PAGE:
Do Justice


She calls out to the man on the street
sir, can you help me?
It’s cold and I’ve nowhere to sleep,
Is there somewhere you can tell me?

He walks on, doesn’t look back,
He pretends he can’t hear her,
Starts to whistle as he crosses the street,
Seems embarrassed to be there.

Oh, think twice, cuz it’s another day for
You and me in paradise.
Oh, think twice, it’s just another day for you,
You and me in paradise.

            --Phil Collins, “Another Day in Paradise”


It really is, you know.  You and I are living in paradise.   It may not always feel that way.  Financial stressors can be intense; debt can be hard to avoid; there always seems to be another unforeseen expense around the corner.  In spite of all that we have, we still worry about how much will be left at the end of the month.  This congregation has always had members who struggle financially.  Its median income certainly isn’t at the top of any of the churches I’ve been a part of.  And yet, globally speaking, most of us are doing very, very well.  As tough as things may seem for you, you are one of the richest people in the world.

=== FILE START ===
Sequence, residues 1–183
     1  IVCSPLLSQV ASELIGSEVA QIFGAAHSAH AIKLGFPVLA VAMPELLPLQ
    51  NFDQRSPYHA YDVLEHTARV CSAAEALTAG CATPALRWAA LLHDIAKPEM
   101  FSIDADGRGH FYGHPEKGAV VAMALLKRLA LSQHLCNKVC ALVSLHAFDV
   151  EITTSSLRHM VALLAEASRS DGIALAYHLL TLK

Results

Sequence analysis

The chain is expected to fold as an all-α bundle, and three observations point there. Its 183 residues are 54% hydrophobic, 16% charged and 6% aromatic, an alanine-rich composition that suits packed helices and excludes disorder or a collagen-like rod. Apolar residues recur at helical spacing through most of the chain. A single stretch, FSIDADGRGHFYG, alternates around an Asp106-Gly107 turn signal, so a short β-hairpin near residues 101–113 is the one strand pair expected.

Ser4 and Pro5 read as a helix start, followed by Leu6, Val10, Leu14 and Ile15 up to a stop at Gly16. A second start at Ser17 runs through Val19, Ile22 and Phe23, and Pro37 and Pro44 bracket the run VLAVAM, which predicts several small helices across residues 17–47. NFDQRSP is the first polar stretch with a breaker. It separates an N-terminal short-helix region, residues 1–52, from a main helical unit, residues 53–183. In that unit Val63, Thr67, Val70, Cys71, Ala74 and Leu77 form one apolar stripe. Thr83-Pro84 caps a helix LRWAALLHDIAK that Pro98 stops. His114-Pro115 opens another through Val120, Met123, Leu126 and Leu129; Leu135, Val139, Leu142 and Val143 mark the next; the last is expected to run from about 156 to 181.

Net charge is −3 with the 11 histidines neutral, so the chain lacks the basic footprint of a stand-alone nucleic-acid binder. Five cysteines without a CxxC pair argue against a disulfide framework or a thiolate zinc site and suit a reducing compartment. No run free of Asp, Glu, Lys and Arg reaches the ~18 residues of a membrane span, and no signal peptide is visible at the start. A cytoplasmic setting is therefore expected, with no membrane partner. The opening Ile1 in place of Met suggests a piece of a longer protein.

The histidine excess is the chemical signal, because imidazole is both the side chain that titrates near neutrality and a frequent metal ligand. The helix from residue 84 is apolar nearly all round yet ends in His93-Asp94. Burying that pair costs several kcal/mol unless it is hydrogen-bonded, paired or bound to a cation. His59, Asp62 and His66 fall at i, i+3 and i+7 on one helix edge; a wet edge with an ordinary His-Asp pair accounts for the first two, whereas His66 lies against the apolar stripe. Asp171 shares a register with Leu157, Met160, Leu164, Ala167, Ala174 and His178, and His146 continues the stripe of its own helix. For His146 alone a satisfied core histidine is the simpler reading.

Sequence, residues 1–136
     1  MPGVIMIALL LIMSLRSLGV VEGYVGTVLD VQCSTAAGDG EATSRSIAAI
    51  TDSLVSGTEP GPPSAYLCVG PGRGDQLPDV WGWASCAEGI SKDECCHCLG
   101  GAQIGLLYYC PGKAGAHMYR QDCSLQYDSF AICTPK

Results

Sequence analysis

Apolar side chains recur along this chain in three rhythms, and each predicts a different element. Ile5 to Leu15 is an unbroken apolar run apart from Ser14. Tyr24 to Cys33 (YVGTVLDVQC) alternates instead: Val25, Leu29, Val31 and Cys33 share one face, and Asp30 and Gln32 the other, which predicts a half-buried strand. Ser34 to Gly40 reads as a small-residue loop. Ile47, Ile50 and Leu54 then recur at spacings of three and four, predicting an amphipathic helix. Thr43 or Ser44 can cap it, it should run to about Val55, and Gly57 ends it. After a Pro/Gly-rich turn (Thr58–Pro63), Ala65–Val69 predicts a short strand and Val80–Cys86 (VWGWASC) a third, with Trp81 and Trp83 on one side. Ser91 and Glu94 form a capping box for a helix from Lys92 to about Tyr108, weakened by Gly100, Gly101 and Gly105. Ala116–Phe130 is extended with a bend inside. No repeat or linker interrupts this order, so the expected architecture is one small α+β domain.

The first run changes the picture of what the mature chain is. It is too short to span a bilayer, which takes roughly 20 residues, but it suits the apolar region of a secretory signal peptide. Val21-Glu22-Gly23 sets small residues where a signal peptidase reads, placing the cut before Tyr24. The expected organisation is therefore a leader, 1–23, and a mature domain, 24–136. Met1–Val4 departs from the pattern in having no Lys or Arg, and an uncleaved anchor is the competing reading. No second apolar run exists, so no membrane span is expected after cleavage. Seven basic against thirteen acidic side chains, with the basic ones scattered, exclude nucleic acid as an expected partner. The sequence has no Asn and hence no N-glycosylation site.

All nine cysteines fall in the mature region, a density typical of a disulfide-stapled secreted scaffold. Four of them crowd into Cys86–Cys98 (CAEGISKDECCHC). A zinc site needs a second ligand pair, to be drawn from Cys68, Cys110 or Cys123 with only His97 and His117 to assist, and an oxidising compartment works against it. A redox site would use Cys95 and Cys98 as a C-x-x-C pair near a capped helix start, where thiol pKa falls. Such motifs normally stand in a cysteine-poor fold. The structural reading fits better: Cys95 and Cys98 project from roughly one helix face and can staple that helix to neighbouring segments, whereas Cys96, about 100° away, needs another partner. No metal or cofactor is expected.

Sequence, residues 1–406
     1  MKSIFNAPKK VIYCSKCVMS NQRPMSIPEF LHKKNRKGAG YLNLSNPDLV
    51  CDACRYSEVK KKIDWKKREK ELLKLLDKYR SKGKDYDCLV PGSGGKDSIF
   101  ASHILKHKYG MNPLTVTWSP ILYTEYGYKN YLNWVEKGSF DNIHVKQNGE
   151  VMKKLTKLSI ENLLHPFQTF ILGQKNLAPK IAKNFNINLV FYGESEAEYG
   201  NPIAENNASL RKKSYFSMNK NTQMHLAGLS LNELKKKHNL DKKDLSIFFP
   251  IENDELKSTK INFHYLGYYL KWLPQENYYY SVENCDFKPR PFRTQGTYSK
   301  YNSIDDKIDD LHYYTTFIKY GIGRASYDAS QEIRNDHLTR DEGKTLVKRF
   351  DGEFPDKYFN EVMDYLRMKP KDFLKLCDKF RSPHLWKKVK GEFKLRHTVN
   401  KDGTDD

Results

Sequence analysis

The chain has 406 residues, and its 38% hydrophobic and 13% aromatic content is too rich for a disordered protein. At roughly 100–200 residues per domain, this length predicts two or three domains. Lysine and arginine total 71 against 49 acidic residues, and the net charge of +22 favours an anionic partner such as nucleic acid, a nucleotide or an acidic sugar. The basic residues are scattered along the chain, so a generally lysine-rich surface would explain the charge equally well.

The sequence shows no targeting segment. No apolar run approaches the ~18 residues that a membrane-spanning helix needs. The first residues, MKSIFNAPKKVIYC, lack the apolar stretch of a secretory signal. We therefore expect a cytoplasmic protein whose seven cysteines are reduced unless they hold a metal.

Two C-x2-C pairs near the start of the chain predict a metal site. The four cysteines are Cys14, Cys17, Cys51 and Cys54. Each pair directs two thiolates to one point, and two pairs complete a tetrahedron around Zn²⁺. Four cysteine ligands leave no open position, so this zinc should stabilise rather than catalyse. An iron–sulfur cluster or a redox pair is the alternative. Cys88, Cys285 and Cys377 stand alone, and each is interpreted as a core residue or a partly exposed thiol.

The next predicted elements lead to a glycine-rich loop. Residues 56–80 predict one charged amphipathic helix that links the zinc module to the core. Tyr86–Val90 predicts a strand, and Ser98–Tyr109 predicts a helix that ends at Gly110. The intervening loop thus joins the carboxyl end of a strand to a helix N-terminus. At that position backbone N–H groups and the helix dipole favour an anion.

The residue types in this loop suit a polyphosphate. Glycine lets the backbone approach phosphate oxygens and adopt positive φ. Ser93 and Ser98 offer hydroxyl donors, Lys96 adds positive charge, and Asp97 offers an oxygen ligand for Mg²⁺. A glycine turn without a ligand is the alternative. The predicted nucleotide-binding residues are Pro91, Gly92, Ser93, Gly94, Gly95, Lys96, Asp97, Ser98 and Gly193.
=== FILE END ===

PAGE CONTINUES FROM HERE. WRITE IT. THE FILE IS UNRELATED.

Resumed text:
Wanna find out just how rich you are? When you get a chance, go to and enter your annual income in US dollars.  If you make $50K or more, you are wealthier than 99% of the population.  If you make $25K or more, you’re wealthier than 90% of the world’s population.  There might be some margin of error there, but whatever it is, well, marginal.  It might be hard for us to see, because most of us are surrounded by people of similar means.  But the fact is, not many of us will ever have to worry about basics like food, water or shelter.


This Sunday, we’re going to look at a passage that wants us to keep all of this in mind.  God has communicated his expectations to us: we are to “act justly.”  What we’ll find is that it means more than just giving money; it’s more about an attitude that we have toward all people regardless of whatever numbers might appear in their bank accounts.